Maarten Vanden Eynde

Scheeps Recht

Burned oakwood
300 x 300 x 300 cm
Courtesy Kunstruimte Wagemans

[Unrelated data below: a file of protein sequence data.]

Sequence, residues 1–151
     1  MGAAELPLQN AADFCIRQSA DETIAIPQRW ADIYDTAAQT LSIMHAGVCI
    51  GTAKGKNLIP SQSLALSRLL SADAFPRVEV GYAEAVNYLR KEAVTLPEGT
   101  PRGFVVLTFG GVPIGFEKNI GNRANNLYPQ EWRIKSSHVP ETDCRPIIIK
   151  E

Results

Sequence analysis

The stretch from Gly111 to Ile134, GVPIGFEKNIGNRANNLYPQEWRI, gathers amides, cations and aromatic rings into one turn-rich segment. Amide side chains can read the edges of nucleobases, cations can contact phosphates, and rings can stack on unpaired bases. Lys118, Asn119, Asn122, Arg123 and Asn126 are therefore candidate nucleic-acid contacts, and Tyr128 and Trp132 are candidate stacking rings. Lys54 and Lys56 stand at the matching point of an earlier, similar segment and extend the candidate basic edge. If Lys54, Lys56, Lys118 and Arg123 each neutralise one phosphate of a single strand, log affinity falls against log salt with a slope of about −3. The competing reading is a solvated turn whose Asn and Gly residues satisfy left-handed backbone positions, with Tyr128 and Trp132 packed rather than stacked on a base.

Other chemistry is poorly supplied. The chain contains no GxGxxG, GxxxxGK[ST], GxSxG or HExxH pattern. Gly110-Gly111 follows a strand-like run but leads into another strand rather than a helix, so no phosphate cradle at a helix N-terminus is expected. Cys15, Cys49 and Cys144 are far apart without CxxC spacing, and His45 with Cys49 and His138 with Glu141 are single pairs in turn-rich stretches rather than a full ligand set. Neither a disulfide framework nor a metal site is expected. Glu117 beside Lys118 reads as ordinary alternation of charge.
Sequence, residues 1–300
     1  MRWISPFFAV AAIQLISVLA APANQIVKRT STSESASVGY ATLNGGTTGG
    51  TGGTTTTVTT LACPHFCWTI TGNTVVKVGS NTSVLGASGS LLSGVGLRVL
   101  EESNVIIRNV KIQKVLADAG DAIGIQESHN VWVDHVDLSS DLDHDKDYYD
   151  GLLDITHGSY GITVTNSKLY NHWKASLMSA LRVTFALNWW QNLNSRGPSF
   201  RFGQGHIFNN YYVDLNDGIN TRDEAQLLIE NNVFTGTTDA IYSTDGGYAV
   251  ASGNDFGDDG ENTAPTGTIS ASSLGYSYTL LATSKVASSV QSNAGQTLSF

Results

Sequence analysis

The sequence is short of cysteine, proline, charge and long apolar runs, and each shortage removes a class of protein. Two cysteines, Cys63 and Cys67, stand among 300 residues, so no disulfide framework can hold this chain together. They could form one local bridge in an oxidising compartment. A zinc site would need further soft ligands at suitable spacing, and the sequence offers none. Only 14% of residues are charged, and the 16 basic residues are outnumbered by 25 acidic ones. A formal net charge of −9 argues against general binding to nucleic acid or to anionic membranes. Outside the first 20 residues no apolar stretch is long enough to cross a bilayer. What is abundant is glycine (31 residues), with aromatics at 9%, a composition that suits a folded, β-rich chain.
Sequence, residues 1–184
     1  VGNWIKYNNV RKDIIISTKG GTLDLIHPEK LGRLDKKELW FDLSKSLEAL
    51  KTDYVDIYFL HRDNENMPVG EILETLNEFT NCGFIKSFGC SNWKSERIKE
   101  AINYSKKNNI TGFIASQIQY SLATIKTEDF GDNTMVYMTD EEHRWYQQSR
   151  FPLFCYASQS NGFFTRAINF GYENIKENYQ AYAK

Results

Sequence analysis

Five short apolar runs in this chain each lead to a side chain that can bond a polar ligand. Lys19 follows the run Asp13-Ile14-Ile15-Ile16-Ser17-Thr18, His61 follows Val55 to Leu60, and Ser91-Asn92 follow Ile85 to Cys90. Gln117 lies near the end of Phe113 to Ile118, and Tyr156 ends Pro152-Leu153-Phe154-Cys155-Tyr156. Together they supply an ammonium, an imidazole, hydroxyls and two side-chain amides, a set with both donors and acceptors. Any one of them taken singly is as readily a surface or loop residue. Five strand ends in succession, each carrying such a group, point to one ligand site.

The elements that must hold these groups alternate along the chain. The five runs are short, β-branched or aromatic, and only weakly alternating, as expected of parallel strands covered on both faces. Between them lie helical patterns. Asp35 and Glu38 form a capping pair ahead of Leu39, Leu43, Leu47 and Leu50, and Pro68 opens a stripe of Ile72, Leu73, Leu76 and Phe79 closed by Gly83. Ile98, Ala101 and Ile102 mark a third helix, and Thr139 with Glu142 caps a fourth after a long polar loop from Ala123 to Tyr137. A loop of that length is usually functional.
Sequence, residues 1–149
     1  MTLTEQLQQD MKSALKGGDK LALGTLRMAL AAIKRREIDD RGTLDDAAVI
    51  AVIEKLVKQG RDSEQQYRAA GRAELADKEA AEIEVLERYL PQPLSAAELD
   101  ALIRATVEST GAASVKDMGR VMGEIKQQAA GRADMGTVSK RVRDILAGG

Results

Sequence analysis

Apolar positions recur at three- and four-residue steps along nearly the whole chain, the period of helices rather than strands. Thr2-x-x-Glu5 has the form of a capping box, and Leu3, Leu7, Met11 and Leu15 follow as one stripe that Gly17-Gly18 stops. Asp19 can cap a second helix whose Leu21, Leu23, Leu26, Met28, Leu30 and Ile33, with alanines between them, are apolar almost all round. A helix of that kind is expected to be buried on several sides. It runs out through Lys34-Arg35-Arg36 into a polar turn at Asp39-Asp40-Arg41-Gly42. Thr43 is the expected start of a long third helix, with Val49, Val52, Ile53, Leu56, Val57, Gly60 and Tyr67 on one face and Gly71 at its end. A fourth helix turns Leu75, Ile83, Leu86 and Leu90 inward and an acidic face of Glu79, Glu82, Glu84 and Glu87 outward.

The transition from wood hull ships to metal hull ships in the late 19th century, marked the end of a peculiar old tradition to plant oak trees on a steep hill slope in order for them to grow in a certain curve towards the sun to maximise photosynthesis by making use of it’s energy. In combination with pruning, this was the way to ensure shipbuilding materials for future generations. This ancient craft relied on an unwritten pact with past generations as it took up to 150 years for an oak tree to be suitable for shipbuilding purposes. By the late 20th century, when reconstructing or restoring old ships became a national fashion there was hardly any curved wood available for shipbuilding, due to the fact that trees had not been planted and pruned for a long time. This resulted in artificial bending methods by using steam and fire to stretch and shrink wood grains, on both sides, in order to transform a straight beam into a curved beam. This wood ‘torture’ technique was applied for several days and nights on end to make Scheeps Recht, in homage to a lost tradition.